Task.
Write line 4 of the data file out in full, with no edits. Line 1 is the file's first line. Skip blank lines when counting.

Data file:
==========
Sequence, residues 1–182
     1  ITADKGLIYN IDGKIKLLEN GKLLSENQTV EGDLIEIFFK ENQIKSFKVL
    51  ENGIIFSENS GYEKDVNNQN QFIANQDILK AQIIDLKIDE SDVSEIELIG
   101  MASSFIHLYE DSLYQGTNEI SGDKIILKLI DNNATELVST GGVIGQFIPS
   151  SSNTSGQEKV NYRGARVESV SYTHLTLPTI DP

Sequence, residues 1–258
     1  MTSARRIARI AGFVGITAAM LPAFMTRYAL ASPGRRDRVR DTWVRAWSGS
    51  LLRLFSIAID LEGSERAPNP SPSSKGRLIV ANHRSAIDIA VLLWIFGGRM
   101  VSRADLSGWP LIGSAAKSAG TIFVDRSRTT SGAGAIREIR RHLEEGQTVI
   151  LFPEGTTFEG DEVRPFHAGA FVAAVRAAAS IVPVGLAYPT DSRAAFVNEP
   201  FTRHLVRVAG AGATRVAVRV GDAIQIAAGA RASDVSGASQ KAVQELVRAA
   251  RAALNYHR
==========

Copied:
   101  MASSFIHLYE DSLYQGTNEI SGDKIILKLI DNNATELVST GGVIGQFIPS